Connecting One Landscape for Wildlife and People
It’s a time of rapid change in the Mountain West. Increasing development and climate impacts threaten the open space and iconic wildlife that set the region apart. By protecting and connecting habitat for grizzly bears and all things wild, The Vital Ground Foundation conserves our wild heritage for future generations.
Vital Ground translates our supporters’ passion for conservation into durable results. We envision a linked landscape from Greater Yellowstone into Canada across which bears and other wildlife have room to roam safely between wild strongholds. Connecting large blocks of public land with protected private lands, Vital Ground is ensuring the survival of biodiversity in the Northern Rockies.
A Note from the Director
When I joined Vital Ground as Director of Lands 14 years ago, I could only imagine the organization posting a year like 2018.
Three crucial land purchases totaling more than 500 acres of newly-protected habitat; a dozen conflict prevention partnerships to keep bears out of trouble from southwestern Montana to northeastern Washington; and the launch of Vital Ground’s audacious One Landscape Initiative based on a rigorous, science-based plan to protect habitat across 188,000 vital acres and prevent conflicts in 21 key locations. Thanks to supporters like you, Vital Ground has grown into a visionary leader pushing grizzly bear and wildlife conservation forward with tangible long-term investments.
I hope you’ll read this report and see for yourself just how significant the past year was, and how exciting the future looks. We wouldn’t be here without Stuart Strahl, who recently moved into an advisory role after chairing Vital Ground’s Board of Trustees over seven stellar years. We are deeply grateful for his leadership and enduring vision. Board cornerstone Kelly Johnson now brings her keen eye for detail and tireless energy to the chair’s role, working alongside a dynamic slate of new and returning trustees.
From board to staff to individual supporters like you, it is going to take a massive team effort to achieve the permanent protection of a connected Northern Rockies landscape that benefits grizzlies, other wildlife and people alike. But through the One Landscape Initiative, a roadmap to that vision is clear. And it will start by all of us working together to log more years like 2018!
Thank you for continuing to push Vital Ground forward on behalf of all things wild.
Ryan Lutey, Executive Director
2018 Conservation Accomplishments
Land Protected: Ninemile Crossing
Just 20 miles west of Missoula, Interstate 90 crosses the Clark Fork near its confluence with Ninemile Creek. The Ninemile Range extends north toward both the Cabinet and Mission Mountains, while the Bitterroots rise into Idaho on the other side of the river and highway.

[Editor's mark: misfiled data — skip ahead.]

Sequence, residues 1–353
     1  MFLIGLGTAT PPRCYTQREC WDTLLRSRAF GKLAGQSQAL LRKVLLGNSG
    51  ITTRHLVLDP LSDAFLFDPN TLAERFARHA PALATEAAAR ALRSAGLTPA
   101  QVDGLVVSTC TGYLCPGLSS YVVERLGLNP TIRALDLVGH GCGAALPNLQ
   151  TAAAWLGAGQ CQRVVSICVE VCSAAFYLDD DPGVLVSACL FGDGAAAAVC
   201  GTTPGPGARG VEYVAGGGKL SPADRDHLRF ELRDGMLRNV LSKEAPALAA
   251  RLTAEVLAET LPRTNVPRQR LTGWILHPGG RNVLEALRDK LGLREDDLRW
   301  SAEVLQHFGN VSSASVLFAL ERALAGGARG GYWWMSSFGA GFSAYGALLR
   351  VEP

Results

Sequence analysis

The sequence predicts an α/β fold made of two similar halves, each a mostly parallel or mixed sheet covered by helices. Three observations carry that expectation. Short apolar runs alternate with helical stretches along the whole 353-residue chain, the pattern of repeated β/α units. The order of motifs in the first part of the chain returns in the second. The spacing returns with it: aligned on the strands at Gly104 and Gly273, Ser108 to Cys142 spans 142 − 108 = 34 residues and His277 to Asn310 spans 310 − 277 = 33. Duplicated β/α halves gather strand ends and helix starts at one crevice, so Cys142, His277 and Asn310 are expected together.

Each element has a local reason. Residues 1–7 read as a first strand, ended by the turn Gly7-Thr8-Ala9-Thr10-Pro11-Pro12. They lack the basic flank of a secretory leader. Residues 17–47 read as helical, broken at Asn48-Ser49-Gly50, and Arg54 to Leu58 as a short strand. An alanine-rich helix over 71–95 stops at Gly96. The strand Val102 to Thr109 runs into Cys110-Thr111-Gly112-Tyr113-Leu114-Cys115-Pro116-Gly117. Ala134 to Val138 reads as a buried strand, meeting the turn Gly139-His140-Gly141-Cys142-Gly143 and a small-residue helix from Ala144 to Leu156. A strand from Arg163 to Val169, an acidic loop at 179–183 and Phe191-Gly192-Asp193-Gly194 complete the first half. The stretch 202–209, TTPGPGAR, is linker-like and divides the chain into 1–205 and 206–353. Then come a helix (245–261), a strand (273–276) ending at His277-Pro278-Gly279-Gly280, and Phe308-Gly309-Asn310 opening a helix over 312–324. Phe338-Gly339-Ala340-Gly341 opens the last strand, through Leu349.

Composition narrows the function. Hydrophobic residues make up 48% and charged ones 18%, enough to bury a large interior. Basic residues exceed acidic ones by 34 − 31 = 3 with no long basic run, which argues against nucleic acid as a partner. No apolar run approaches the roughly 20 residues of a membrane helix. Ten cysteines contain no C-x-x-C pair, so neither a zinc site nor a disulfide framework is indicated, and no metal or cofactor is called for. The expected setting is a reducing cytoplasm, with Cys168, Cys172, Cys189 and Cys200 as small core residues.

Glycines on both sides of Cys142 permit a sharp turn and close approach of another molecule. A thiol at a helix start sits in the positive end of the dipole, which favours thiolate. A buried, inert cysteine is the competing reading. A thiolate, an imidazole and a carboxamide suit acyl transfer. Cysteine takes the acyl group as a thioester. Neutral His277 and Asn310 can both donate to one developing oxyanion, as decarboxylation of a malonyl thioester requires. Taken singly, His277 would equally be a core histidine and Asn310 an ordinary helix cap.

Linking three vast ecosystems, this area figures prominently in many projected pathways connecting Greater Yellowstone, Cabinet-Yaak and Northern Continental Divide bears.
Fortunately, wildlife can easily cross under the two I-90 bridges via a small strip of land on the Bitterroot side, with Montana Fish, Wildlife & Parks recently documenting one grizzly and numerous other species utilizing the existing underpass.
Late in 2018, Vital Ground and our partners at the Yellowstone to Yukon Conservation Initiative (Y2Y) jumped at the chance to purchase and protect 52 acres abutting the underpass. Its value is showing, with a young male grizzly passing near the site and continuing south into the Bitterroots in June 2019! Learn More…
Land Protected: Bismark Meadows
The Idaho Panhandle is remote country, and its most remote and wild corner centers on Priest Lake, deep in the Selkirk Mountains. Just west of the 40-square mile lake, Bismark Meadows is something rare: a large, low-lying wetland that has not been drained and developed. Grizzlies rely on it for spring forage, cutthroat trout swim up its streams, and six rare aquatic plant species sprout from its marshy soil. It is an irreplaceable setting.
Vital Ground has been working to protect this lush landscape for over a decade, completing our fifth and largest land acquisition in 2018, a 455-acre purchase that brings our total impact to nearly 1,000 acres conserved at the site.
Biologists have tracked at least eight different grizzlies foraging at Bismark Meadows in recent years, from a total of just 60 bears estimated to live in the Selkirk Ecosystem of Idaho, Washington and British Columbia. Connecting Canadian wildlands with the American Cabinet-Yaak and Bitterroot areas, the Selkirks are vital ground indeed. Learn More…
Land Protected: Wild River
Vital Ground’s flagship project of 2017 gathered more steam in 2018 as we again partnered with Y2Y to purchase and protect crucial habitat in the Wild River corridor of Montana’s northwestern corner.